These content issues are deeply troubling, placing the play closer to the forces of reaction than of liberalism. But suppose we take Newson at is word when he claims he is seeking to defend liberalism? Measured in those terms, is the play likely to be successful? Not really, I would contest, because it fails to systematically address the complexities of liberalism, either historically or theoretically. Historically, the liberal bargain has always been a balancing act, integrating seemingly mutually exclusive groups and beliefs. As such, liberalism is always work in progress, being redefined to meet the needs of each age.[6] But one would not get this sense from DV8's work. Instead, liberalism would seem as monolithic and fixed as Islam. This historical misrepresentation heightens the idea embedded in the narrative that Islam is somehow alien or incompatible with innate western values, making this a Huntingtonesque piece of work.[7]

Even theoretically, I am not sure if the model of liberalism Can We Talk About This? inevitably leads one to is very attractive. It bares a close resemblance to what scholar Christian Joppk  has termed "repressive liberalism".[8] This model of liberalism, now an important element of western debate, is more muscular and combative.

Crucially, repressive liberalism sees no contradiction in using illiberal laws to defend liberalism. The classic example of such a measure is the French government's ban on burqas and niqabs. This measure was defended on the grounds that dress of this kind was used to repress women. Liberal philosopher Will Kymlica has pointed out the flaw in this argument, however: such laws are inherently illiberal, as they remove the right of a woman to choose to wear particular forms of Islamic dress in public. Essentially, one illiberal arrangement (familial power forcing women to wear certain clothes) is replaced with another (the state using the full force of its legal authority to prevent people wearing certain clothes). Neither arrangement is liberal. Instead, the challenge for a liberal society is to ensure that everyone has the autonomous freedom to choose what to wear. The whole Clash of Civilisations narrative promulgated in Can We Talk About This? moves debate away from that outcome, not towards it.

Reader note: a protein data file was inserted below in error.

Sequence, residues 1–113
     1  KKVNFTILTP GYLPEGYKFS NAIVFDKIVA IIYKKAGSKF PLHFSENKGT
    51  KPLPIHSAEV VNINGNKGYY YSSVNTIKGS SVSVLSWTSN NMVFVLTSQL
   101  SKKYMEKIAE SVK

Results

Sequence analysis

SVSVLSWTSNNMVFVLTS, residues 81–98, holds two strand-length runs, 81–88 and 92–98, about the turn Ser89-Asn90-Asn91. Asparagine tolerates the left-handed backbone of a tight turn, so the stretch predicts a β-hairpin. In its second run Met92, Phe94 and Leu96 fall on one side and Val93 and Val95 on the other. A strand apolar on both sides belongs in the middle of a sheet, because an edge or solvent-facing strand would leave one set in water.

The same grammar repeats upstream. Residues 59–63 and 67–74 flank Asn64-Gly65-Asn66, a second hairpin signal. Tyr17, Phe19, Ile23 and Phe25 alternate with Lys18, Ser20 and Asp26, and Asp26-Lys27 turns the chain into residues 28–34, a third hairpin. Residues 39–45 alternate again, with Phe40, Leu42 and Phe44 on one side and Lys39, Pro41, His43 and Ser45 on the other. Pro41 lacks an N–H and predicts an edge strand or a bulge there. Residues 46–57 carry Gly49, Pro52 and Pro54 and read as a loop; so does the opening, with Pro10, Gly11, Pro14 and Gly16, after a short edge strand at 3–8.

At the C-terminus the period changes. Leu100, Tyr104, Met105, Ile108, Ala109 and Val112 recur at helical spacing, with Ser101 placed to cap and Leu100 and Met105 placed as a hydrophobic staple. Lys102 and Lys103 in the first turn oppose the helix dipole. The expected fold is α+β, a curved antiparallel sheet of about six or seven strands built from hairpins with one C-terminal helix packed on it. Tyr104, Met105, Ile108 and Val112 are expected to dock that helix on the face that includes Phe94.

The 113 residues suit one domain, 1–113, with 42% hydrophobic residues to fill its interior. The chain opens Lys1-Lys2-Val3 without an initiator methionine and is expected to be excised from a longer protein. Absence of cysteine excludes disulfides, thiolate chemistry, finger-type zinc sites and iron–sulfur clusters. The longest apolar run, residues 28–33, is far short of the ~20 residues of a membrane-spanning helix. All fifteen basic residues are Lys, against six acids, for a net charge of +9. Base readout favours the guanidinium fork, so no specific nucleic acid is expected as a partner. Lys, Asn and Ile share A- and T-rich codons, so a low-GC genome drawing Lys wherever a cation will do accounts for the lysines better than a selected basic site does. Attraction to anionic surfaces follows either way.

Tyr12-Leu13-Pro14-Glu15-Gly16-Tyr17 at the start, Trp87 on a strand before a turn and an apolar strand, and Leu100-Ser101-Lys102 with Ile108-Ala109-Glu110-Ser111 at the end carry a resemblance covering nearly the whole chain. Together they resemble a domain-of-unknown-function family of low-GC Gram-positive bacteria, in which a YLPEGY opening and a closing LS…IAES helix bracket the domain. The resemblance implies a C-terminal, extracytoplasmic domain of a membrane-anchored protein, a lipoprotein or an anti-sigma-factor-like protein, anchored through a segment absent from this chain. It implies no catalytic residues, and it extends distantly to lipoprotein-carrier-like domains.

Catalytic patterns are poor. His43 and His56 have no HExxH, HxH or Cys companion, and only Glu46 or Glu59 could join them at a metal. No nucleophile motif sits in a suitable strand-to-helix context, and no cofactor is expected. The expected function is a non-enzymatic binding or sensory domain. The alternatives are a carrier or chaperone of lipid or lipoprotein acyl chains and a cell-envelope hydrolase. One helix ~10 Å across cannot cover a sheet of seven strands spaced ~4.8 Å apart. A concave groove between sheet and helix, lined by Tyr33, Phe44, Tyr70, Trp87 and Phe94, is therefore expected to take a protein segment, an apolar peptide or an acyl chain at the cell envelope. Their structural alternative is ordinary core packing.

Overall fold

[1] See The Telegraph, The Evening Standard, The Mail, 13/03/2012
[2] Time Out, 25/08/2011
[3] See Hitchens, C. 2001. Of Sin, the Left & Islamic Fascism, The Nation, 09/01; Cohen, N. 2007. What's Left? How Liberals Lost Their Way. Fourth Estate: London
[4] David Cameron's speech to the Munich Security Conference in February 2011 is probably the most powerful example of the three]
[5] Phillips, M. 2006. Londonistan: How Britain is Creating a Terror State Within. Gibson Square Books Ltd: London
[6] For some of my earlier thoughts on this issue, see this blog entry on secularism
[7] Huntington, S.P. 1997. The Clash of Civilisations and the Remaking of World Order. Simon Schuster: New York.
[8] Joppke, C. 2007. “Beyond national models: civic integration policies for immigrants in Western Europe”, West European Politics 30(1), 1-22.
[9] For a succinct overview of Kymlica's thoughts in this area, see this 2008 article.